On Thursday, 26 September, Newcastle Jets players Emile Heskey and Michael Bridges hosted a corporate lunch for the Royal Institute for Deaf and Blind Children (RIDBC) in the Hunter.
The lunch was held to officially launch the RIDBC Hunter Sight and Sound Local Business Community Program, calling on local business 'heroes' to help deliver critical early learning programs for children with hearing or vision loss.
These programs ensure children can access the same opportunities as other Hunter kids and reach their potential.
Andrew Moss, whose son Edward was diagnosed with profound hearing loss at birth, spoke at the lunch about his journey with a child who is deaf. Edward is learning to listen and speak with the aid of two cochlear implants.
“Edward is now almost three years old and is doing wonderfully well,” Andrew said.
“His speech is well above the average level of a hearing two year old which is truly amazing. We are so grateful for the support of RIDBC Hunter.”
Access to technology and skilled early intervention remain key to ensuring children with hearing loss reach their full potential. Newborns identified with hearing loss get the best possible start to life when they, and their families, receive immediate support and assistance through quality early intervention
“We are extremely appreciative of the support of Michael and Emile from the Jets in giving their time so graciously and for the ongoing support from the local community, which stays in the Hunter and supports local Hunter children,” RIDBC Hunter Relationships Executive, Grace McLean said.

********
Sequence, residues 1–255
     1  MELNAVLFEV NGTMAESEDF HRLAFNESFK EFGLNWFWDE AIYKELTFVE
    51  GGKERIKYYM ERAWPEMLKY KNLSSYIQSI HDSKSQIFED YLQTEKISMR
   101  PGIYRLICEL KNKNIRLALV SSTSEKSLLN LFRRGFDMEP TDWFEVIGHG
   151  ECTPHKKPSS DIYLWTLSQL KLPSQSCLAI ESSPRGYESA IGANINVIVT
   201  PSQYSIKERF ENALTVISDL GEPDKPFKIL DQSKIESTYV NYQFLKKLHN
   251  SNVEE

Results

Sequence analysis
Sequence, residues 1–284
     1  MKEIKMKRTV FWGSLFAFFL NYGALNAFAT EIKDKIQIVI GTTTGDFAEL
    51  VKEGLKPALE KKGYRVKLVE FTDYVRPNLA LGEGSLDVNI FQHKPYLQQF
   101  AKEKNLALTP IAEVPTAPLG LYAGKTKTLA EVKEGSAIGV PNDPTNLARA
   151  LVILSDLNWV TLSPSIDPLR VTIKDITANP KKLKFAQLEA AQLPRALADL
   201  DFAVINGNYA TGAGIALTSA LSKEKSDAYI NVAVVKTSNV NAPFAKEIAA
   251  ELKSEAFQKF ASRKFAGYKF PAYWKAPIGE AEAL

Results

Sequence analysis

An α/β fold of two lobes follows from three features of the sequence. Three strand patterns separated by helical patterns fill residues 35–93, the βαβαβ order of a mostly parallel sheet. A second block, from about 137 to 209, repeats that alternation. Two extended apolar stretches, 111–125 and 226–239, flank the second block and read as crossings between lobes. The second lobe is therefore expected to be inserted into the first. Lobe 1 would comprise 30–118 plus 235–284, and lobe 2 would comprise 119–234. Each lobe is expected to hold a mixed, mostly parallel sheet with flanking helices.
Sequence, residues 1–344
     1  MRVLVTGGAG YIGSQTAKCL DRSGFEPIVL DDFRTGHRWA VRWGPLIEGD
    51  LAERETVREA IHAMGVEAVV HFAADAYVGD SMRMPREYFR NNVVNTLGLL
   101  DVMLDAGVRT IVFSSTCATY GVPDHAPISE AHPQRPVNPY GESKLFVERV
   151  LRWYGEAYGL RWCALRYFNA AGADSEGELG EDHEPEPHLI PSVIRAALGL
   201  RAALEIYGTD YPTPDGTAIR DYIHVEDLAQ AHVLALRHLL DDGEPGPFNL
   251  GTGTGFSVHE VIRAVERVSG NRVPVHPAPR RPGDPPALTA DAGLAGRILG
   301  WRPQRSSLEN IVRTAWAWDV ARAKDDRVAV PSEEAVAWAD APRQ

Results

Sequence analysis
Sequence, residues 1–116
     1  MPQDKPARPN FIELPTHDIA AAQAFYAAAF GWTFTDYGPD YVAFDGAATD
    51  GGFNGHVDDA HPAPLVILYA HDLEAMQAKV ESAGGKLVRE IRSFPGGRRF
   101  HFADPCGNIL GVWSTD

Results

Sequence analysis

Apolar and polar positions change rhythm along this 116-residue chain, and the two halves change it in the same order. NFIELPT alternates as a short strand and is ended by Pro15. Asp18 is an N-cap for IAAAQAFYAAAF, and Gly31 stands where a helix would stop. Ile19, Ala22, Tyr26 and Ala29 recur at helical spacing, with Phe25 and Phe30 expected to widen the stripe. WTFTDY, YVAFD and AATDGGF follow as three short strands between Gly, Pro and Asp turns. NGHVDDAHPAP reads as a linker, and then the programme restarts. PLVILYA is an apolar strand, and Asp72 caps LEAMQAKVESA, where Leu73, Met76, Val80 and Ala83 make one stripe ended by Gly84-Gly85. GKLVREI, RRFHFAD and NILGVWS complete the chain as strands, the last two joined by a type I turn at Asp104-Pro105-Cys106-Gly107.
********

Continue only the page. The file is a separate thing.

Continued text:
“RIDBC Hunter relies significantly on fundraising and community support to be able to continue to make a difference in children’s lives and we are calling on more local businesses to get behind the initiative.”
About Andrew Moss and Edward
At just a few days old, Edward's hearing was routinely screened at the hospital where he was born. The result of the screening indicated that there was a problem. Following further testing, Edward was diagnosed with a bilateral profound sensorineural hearing loss.
“Though Edward was fitted with hearing aids from just a few weeks of age, it became clear that they were not giving him enough access to the speech sounds needed to develop language,” Andrew said.
“My wife and I decided that he would have the best chance of learning to listen and speak through cochlear implantation.”
“Edward had missed out on 10 months of the language and sounds around him that hearing children are exposed to, so he had a bit of catching up to do.”
Even with cochlear implants, children who are deaf must learn to understand the new sounds they hear. They have to learn how to interpret words and they have to learn to develop speech. This takes hard work from a dedicated family and specialist teachers and therapists.
“Edward is now almost three years old and is doing wonderfully well. His speech is well above the average level of a hearing two year old which is truly amazing.”